Four Ways to Explore Wine Outside the Tasting Room

Whether hiking through caves, tasting on a volcano or learning how to make your own blends, these experiences let you learn about wine through exploration...and, of course, drinking.
Wine in the caves of the Rhône Valley / Photo by Rémi Flament

When it comes to wine, experience and context are everything. Travel can serve up the ultimate dose of both. The next time you plan a trip, consider these four unique opportunities to learn by doing and drinking.

Wine in a Cave

(Ardèche, Rhône Valley, France)

Raphaël Pommier, winemaker of Notre Dame de Cousignac, and Nicolas Bransolle, veteran­ spelunking guide, take terroir exploration to new depths in the Rhône Valley. Their joint venture, SpéléOenologie,­ derived from the terms “spelunking” and “oenology,” brings visitors deep into the caves of Saint Marcel d’Ardèche, where Pommier’s wines are aged in oak casks. English-speaking wine and cave specialists guide this two- to three-hour adventure, which culminates in a subterranean wine tasting. $68 and up.

America’s Most Unique Wine Tastings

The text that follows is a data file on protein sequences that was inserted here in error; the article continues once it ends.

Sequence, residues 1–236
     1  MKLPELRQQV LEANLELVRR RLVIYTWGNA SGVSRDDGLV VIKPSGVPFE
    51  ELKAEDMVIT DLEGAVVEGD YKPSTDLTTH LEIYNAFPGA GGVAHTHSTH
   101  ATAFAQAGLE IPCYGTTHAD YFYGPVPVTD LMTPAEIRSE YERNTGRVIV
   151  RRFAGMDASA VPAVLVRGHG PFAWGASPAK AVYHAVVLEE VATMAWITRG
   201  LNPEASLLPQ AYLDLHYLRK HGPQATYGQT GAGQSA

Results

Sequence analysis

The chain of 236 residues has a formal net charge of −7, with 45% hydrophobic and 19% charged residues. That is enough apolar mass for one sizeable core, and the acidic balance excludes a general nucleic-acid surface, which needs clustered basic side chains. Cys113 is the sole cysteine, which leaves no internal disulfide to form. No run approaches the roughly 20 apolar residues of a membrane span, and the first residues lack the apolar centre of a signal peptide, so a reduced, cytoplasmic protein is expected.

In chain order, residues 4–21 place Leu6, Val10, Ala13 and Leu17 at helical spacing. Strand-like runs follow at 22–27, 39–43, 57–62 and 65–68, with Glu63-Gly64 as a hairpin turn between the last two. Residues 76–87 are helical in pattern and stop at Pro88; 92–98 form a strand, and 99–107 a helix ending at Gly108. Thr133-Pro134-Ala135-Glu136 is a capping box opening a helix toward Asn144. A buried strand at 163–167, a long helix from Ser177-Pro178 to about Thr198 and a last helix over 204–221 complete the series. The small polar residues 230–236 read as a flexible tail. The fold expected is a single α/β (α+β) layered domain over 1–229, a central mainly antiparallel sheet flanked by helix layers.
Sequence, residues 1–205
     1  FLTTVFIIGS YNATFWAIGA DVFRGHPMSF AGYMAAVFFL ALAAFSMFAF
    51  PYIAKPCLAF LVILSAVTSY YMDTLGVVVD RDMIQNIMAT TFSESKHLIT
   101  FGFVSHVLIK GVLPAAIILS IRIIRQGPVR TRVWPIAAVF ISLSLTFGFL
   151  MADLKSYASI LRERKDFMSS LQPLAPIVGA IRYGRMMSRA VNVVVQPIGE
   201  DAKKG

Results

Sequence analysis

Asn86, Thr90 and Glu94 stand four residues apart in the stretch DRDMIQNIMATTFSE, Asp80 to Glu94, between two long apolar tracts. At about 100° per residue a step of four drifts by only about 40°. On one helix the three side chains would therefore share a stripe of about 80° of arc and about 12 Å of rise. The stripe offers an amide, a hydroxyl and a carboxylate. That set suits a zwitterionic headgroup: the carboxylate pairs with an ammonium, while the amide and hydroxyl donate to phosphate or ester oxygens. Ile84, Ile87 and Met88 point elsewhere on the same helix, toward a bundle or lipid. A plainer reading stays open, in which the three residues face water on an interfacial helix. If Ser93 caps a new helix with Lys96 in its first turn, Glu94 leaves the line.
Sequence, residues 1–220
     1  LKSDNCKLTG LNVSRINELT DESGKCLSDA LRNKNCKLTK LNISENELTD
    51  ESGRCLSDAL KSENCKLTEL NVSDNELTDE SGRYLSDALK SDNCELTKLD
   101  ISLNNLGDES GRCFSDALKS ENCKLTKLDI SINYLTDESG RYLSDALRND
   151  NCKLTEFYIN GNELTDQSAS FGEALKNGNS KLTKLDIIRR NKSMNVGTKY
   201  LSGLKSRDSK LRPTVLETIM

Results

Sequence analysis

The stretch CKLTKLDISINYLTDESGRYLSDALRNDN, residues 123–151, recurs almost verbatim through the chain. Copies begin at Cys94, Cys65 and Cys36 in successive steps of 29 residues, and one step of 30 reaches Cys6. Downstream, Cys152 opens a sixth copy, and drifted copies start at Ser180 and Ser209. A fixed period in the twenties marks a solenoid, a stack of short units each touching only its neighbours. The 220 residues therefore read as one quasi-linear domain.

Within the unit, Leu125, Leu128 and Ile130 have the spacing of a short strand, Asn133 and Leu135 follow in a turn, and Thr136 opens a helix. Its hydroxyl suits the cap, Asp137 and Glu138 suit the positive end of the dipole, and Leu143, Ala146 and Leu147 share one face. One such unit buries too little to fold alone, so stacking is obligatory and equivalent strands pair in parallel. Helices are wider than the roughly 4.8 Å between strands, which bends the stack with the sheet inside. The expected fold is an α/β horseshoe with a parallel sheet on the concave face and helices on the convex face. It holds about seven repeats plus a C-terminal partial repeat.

A Tasting of Volcanic Proportions

(Mount Etna, Sicily, Italy)

The Etna Wine School combines history, geography and, of course, oenology in its half-day wine class on Mount Etna. On an expert-led winery tour, you’ll discover the works of a palmento (traditional Sicilian structure for making wine), explore modern techniques used in high-altitude volcanic winemaking and taste indigenous grape varieties Carricante and Nerello Mascalese, typical Etna Bianco (white) and Etna Rosso (red) grapes, respectively. $120.

Blend-It-Yourself

(Napa, California)

Known for its Bordeaux-style red blend, Insignia, Joseph Phelps Vineyards invites guests to craft their own cuvée. A wine educator leads a tasting of the varietal wines used to make Insignia—Cabernet Sauvignon, Petit Verdot, Merlot, Malbec and Cabernet Franc—to analyze the flavor profiles of the individual components. Then, participants blend their own, taste them against the group’s and compare their creations to the real thing. $100.

A Taste of Italy

(Multiple cities, U.S.)

Attenzione: If you can’t make it to Italy’s wine regions but want to dig deeper into Italian food and beverages, check out Eataly’s Classes & Events on your next trip to New York City, Chicago, Boston or Los Angeles. An enticing array of one-to two-hour classes varies monthly and seasonally. Past offerings have included Wine & Truffles of Piemonte, Grana Padano & Vespa Bianco Aperitivo with Joe Bastianich and the In Vino Veritas dinner series. $35–$165.

Published on January 15, 2018
Topics: Travel



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